Guest Authors

Guest Author, Gary Caruso



Keep Calm and Answer These Twenty-Five Questions

 1.     Do you consider yourself a logophile? If so, have you always been?

 Interesting question. Absolutely. Even before I became a writer, it was always important for me to chose the right word to get the desired result. When I started writing, my appreciation grew because I love how one word or a short phrase can communicate a precise emotion. That’s why I feel so humbled by Shakespeare and Poe.

2.     What is your favorite color?


 3.     Where were you born? Where did you grow up?

I was born and raised in northeastern Pennsylvania. Much of my early live was in Wilkes-Barre, but my high school years were in Nanticoke. I love the area and I still have family there. The people are amazingly kind and generous, and you never have to wonder what they’re thinking. They tend to be very direct and honest, qualities I admire4.     What is your favorite football team?

 4. What is your favorite football team?

The Washington Redskins!

5.     Who is your favorite author?

It’s a toss-up between Poe and Shakespeare.

6.     What’s your favorite book?

No one book is my favorite, but I loved the Lord of the Rings trilogy for its wonderfully complex themes and characters.

7.     What do you do when you are not writing?

I write so often that it’s very important to balance my time with my wife and family. It almost doesn’t matter what we’re doing, as long as I’m with them.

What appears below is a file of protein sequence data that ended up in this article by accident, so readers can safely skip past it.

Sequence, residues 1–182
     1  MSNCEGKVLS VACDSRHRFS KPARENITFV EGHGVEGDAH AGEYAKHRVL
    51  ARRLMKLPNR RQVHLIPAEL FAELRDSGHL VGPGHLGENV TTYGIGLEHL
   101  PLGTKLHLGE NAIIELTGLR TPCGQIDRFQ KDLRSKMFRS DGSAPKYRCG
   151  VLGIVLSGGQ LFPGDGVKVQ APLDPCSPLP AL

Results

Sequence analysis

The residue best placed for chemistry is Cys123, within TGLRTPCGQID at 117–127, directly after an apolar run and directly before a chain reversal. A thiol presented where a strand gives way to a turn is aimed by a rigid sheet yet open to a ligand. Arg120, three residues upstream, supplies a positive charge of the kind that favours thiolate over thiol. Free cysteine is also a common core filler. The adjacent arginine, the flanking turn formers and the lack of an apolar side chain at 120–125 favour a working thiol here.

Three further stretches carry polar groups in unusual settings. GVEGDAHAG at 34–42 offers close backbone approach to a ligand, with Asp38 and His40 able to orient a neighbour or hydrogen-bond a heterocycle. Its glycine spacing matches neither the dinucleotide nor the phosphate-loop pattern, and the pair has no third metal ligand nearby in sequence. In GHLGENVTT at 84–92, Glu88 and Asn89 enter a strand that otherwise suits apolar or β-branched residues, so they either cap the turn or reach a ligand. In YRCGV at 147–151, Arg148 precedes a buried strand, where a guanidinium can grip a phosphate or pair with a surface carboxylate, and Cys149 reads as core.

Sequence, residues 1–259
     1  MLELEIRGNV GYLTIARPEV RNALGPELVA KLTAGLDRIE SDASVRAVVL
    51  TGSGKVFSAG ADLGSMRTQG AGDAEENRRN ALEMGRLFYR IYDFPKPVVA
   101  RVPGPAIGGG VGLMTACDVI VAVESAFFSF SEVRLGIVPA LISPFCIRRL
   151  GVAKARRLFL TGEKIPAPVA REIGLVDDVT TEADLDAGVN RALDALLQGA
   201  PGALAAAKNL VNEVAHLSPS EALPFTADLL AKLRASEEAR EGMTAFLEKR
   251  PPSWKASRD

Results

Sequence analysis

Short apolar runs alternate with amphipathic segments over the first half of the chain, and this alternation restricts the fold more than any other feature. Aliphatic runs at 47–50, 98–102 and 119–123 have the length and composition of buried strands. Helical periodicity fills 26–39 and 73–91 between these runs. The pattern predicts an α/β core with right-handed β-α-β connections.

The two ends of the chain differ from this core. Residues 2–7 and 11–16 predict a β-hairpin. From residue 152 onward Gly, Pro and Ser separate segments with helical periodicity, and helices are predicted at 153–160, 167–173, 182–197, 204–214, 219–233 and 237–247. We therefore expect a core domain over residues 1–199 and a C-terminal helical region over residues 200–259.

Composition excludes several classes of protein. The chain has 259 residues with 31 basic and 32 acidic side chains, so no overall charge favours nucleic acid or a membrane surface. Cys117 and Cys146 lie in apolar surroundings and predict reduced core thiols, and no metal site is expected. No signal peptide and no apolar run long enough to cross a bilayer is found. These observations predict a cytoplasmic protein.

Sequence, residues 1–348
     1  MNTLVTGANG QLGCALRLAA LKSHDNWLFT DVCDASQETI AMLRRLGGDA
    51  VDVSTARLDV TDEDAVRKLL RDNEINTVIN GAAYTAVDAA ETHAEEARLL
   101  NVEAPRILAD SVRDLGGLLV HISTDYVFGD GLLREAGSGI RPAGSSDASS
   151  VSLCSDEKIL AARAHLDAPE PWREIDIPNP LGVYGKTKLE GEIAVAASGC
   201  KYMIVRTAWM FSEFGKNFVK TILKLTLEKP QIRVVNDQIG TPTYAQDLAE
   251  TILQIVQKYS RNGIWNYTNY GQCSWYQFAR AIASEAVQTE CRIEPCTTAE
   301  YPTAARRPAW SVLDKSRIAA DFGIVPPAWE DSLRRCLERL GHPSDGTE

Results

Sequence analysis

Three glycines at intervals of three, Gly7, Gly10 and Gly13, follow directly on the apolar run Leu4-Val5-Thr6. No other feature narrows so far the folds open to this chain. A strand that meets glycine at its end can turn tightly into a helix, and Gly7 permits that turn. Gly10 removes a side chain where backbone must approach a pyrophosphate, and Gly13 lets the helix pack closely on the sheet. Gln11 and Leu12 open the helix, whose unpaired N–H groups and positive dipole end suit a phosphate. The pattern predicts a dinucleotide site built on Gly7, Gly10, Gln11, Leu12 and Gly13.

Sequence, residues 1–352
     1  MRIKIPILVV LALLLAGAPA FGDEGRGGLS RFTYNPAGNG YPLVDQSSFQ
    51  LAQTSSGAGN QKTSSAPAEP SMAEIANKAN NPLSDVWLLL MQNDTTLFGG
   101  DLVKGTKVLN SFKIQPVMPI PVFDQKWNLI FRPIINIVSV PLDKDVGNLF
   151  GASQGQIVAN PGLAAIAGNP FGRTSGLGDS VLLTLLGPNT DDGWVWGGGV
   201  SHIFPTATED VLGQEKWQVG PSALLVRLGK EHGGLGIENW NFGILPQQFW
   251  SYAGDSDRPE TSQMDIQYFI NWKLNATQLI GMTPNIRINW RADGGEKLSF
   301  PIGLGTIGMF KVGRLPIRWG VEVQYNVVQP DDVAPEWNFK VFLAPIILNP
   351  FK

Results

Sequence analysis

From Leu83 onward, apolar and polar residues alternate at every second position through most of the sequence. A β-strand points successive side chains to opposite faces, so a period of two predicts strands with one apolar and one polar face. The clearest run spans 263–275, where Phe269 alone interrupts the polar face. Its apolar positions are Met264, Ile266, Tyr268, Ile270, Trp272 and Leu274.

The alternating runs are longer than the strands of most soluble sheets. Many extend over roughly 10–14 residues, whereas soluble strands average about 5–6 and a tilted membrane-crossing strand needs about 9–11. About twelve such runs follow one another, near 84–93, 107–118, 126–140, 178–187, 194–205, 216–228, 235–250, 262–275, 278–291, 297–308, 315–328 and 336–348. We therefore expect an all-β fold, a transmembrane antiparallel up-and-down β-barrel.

8.     Do you have a day job as well?

Actually, I’m blessed to have two jobs I love, writing and teaching. I teach science to a wonderful group of eighth-graders.

9.     Do you have any advice for aspiring authors?

I spent a lot of time considering the answer to this question. I know how important it was for me to get advice from writers as I struggled through some of the rough spots. Here is a list of important suggestions.

  1. Know that it’s hard to be a good writer. It requires many, many hours alone at your computer, so make sure you love doing it—a lot. Otherwise, writing will feel like work.
  2. Write as much as you can, even when you feel uninspired. You may not always like what ends up on your screen, but sometimes you’ll get ideas you never expected. Just let your mind roam.
  3. Learn from your mistakes so that you don’t spend too much time correcting the same ones over and over. You’ll improve at a faster rate.
  4. Don’t take shortcuts at the expense of producing the best quality work. That means edit, edit, edit.
  5. Be very open to advice, but remember that the person responsible for your work is you.
  6. I believe the only way to right well, is to accept that you’ll write poorly when you start. Once you understand that, you’ll allow yourself to get better.
  7. Treat yourself and your work with respect or no one else will.
  8. Write uncomfortably. I hear people suggest that you should write what you know. Good advice for beginning writers. But I believe growth happens faster, the farther you are out of your comfort zone. That’s why good actors take on a variety of roles. It pushes the edge of their creative potential. The same thing is true for writers. 

 1o.  Is being a writer a gift or a curse?

This question made me laugh! For me, writing is a passion, which is a gift, but it can easily manifest into an addiction. I think I walk that delicate balance reasonably well. At times, my wife might disagree.

11.  Where do you write?

 My favorite spot is at a table that is pointed toward my backyard. Somehow, the green trees help me stay calm and creative.

 12.  Do you prefer silence or some noise while you write?

I almost always have headphones on when I write, but I almost never listen to the music. It’s just background noise, except during the times when I have to write a particularly emotional scene. I pick music to match the mood.

13. What do you typically drink while writing?

Coffee, water, and Coke Zero.

14.   What challenges have you had in regards to your writing life?